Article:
For the first time since 2011, a Japanese supercomputer has managed to claim the first spot in a global speed competition. Fugaku has beaten the Chinese and American competitors and managed to clock in a score of 415.53 petaflops, thus claiming the first position on the biannual Top500 List.
A system that is capable of one-petaflop speed can carry out one quadrillion ‘floating-point operations’ or computer arithmetic calculations. In order to keep up with a one-petaflop supercomputer, you will have to perform one calculation every second for a total of 31,688,765 years. For keeping up with Fugaku, you would have to perform one calculation every second for almost 13.2 billion years.
This is also the first time that an Advanced Reduced instruction set computing Machine (ARM) supercomputer has claimed the lead spot on the Top500 List. Generally, ARM processors are reserved for the world of mobile devices, including tablets, laptops, and smartphones. This makes Fugaku’s win even more brilliant.
Rene Haas, who is the president of Arm’s IP Products Group, said, ‘For Arm, this achievement showcases the power efficiency, performance and scalability of our compute platform, which spans from smartphones to the world’s fastest supercomputer.’ Arm Holdings is the Softbank-owned semiconductor company that created the ARM chips. Fugaku was able to beat Summit by 266.93 petaflops. Back in November, Summit was leading the list with 148.6 petaflops. The latest ranking included four supercomputers from the US, two from Italy, two from China, one from Japan, and from Switzerland.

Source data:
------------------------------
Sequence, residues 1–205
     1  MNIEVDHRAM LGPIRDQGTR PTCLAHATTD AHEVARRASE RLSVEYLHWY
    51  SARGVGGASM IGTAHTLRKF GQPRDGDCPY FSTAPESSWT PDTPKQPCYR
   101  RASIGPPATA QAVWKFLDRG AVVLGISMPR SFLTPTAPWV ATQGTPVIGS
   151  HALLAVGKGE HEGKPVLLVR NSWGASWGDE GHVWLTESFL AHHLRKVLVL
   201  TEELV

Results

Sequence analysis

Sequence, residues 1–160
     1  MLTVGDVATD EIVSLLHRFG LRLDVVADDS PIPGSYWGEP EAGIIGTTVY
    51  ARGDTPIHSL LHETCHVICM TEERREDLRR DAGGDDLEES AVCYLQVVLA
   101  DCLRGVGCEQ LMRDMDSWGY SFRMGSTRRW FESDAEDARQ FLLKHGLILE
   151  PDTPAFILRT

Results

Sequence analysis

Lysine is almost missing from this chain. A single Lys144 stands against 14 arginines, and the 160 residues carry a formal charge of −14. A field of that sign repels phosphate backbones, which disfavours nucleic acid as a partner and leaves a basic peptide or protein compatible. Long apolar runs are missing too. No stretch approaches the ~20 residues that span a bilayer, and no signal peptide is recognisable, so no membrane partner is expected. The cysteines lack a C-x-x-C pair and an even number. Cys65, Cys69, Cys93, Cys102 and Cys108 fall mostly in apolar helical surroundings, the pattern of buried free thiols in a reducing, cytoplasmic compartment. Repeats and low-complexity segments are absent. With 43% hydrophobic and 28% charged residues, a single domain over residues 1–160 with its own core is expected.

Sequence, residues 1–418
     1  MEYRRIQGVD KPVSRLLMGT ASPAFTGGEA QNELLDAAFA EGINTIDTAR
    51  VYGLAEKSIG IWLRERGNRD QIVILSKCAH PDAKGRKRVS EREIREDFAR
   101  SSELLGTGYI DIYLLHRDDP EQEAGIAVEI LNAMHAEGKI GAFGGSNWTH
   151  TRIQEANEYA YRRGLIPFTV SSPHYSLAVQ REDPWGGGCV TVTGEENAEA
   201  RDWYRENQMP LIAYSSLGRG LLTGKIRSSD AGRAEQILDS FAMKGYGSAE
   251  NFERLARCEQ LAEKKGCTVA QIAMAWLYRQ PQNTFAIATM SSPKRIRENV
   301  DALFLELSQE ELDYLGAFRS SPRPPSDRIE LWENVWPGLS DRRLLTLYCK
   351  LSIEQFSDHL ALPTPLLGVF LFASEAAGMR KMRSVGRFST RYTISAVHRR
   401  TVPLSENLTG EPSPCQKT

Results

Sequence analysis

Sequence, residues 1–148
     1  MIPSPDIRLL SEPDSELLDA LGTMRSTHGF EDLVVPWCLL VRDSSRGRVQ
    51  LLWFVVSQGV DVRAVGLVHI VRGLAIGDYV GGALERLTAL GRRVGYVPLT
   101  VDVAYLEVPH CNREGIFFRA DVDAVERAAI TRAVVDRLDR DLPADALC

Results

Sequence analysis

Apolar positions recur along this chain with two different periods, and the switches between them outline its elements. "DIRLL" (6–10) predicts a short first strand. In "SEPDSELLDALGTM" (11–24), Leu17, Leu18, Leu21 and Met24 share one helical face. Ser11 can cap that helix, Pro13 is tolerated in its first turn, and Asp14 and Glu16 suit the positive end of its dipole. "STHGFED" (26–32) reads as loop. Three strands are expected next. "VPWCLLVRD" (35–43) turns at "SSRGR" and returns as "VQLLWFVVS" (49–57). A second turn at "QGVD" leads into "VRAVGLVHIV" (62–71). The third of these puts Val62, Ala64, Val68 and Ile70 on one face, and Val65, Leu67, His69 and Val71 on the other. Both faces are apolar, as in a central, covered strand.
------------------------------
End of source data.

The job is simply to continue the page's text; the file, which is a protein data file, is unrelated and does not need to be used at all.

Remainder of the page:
Fugaku is currently housed at the RIKEN Center for Computational Science in Kobe, Japan. The original idea for Fugaku was conceived back in 2014, and the computer will become fully operational in April 2021. Almost 3,000 researchers are using it at RIKEN for drug discovery, personalized and preventative medicine; studies of fundamental laws of the universe; and natural disaster simulations. Researchers are also utilizing the Fugaku for COVID-19 research into diagnostics, therapeutics, and simulations that show the spread of the virus.
Satoshi Matsuoka, who is the director of the RIKEN Center, said, ‘Fugaku was developed based on the idea of achieving high performance on a variety of applications of great public interest…and we are very happy that it has shown itself to be outstanding on all the major supercomputer benchmarks. I hope that the leading-edge IT developed for it will contribute to major advances in difficult social challenges such as COVID-19.’